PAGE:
Thoughtfulness and Thoughtlessness
Proverbs 22:3
A prudent man foresees the evil, and hides himself: but the simple pass on, and are punished.

All men might be divided into the thoughtful and the thoughtless. They belong either to those who look before them and prepare for the struggle or the danger that is coming, and avoid it; or else to those who go blindly on and stumble over the first impediment in their way. The "prudent man" of the text is not only the cautious man; he is the man of sagacity and foresight, who takes large and extended views of things. There are many illustrations of the thought, of which we may select.

I. THE EVIL OF PECUNIARY ENTANGLEMENT. The prudent man forbears to enter into that alliance, or into those relationships, or on to that course of action which will demand more resources than he can supply. But the simple "pass on" - become involved, and pay the penalty of prolonged anxiety, of great distraction, of painful humiliation, of grave dishonour, of financial ruin.

II. THE STRAIN OF UNWISE COMPANIONSHIP. A prudent man will consider well what company he can wisely keep, whose society will be beneficial and whose injurious to him, whether or not he can bear the pressure that will be put upon him to indulge in this or that direction, and he will shun the social circle that would be perilous to his integrity. But the simple take no heed, accept the first invitation that comes to them, become associated with those whose influence is deteriorating, succumb to their solicitation, and pay the penalty of serious spiritual declension.

III. THE FORCE OF SOME PARTICULAR TEMPTATION. The wise perceive the danger of the intoxicating cup, of the saloon, of the racecourse, of the gambling table, and they keep steadfastly away. The simple pass on - self-confident, presumptuous, doomed, and they are punished indeed.

IV. THE PASSAGE OF YOUTH. The prudent recognize the fact that, unless youth yields its own particular fruit of knowledge, of acquisition, of capacity for work in one field or other, the prizes of life must be foregone; and, recognizing this, they do not waste the golden hours of study in idleness or dissipation. But the simple take no heed, trust to the chapter of accidents, wait upon fortune, fling away their precious chances, and are "punished" by having to take the lower path all the rest of their days.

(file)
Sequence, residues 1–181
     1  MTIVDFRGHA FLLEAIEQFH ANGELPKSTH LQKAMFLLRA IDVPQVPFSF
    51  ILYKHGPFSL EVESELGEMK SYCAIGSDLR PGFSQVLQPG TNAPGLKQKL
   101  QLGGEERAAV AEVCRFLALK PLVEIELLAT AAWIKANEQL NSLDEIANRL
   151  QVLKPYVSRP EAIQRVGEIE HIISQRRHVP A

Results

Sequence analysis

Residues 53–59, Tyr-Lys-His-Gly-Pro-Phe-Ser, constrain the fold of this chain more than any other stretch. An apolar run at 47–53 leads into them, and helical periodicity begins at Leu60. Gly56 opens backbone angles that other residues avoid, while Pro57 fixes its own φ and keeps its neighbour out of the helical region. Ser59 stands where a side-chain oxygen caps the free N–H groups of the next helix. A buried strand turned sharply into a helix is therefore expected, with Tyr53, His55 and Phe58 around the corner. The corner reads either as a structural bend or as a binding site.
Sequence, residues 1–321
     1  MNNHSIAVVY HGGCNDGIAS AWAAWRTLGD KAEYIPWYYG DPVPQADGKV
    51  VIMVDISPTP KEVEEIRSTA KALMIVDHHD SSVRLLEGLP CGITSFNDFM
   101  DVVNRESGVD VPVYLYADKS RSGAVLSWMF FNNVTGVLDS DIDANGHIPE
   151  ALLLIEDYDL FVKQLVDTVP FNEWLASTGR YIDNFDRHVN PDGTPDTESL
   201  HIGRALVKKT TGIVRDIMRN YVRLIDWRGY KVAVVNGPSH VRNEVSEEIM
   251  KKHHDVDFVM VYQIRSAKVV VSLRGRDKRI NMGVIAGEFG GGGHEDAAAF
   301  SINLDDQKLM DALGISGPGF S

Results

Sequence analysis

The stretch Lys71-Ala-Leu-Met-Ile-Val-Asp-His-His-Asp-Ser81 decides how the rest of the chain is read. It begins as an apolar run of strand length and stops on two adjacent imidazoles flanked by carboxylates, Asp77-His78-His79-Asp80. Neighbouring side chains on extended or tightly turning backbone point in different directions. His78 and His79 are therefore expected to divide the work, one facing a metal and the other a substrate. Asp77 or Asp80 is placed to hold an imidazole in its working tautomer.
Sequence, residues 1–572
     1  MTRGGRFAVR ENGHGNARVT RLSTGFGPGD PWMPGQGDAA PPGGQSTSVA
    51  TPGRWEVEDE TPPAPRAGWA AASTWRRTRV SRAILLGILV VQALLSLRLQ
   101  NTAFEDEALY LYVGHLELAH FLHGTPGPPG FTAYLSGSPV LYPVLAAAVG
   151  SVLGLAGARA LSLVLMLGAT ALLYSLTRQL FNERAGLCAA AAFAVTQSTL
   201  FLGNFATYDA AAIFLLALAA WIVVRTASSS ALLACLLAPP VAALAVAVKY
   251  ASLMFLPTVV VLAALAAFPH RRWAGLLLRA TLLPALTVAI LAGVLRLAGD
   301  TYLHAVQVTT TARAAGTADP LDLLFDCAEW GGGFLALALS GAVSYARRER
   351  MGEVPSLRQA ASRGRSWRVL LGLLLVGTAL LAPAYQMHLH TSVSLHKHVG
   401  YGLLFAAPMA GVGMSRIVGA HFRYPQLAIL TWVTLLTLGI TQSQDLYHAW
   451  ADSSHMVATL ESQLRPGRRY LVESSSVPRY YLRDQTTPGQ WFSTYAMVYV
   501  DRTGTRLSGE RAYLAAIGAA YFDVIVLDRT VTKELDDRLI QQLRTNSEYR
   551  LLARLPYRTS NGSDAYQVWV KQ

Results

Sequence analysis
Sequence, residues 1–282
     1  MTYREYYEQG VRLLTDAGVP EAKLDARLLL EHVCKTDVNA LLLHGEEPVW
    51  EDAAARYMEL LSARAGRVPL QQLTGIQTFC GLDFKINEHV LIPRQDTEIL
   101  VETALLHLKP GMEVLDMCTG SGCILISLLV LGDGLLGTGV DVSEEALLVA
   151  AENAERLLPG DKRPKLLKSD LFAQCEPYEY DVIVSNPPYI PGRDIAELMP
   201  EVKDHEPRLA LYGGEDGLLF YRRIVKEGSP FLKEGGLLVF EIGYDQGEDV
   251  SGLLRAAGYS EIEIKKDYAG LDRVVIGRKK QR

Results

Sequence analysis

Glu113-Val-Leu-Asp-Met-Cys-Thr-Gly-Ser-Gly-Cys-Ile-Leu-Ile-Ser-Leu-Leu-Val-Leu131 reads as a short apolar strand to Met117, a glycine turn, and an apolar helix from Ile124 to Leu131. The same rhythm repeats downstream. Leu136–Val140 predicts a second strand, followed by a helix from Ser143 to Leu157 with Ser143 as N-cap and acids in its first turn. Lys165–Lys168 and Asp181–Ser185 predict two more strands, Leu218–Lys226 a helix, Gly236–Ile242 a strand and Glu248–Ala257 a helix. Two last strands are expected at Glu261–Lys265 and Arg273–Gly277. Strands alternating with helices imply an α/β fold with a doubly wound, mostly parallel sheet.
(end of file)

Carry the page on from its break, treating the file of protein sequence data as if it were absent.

V. THE RISK OF LOSING HEALTH. The prudent man sees that, if he urges his powers beyond the mark which kind and wise nature draws for him, he will gain a present advantage at the cost of future good, and he holds himself in check. The simple pass on - overwork, overstudy, strain their faculties, and break down long before their time.

VI. THE LOSS OF LIFE. The wise man will count on this; he will reckon that any day he may be called to pass from his business and his family and his pleasure to the great account and the long future; and he lives accordingly, ready for life or for death, prepared to encounter the hour when he will look his last on time and confront eternity. The simple leave this stern fact out of their account; they pass on their way without making preparation either for those whom they must leave behind or for themselves when they enter the world where material treasures are of no account whatever; they pass on, and they "are punished," for they, too, reach the hour of departure, but they awake to the sad fact that that has been left undone for which a long life is not too long a preparation. - C.

Parallel Verses
KJV: A prudent man foreseeth the evil, and hideth himself: but the simple pass on, and are punished.

WEB: A prudent man sees danger, and hides himself; but the simple pass on, and suffer for it.

Seen and Unseen Evils of Life
Top of Page
Top of Page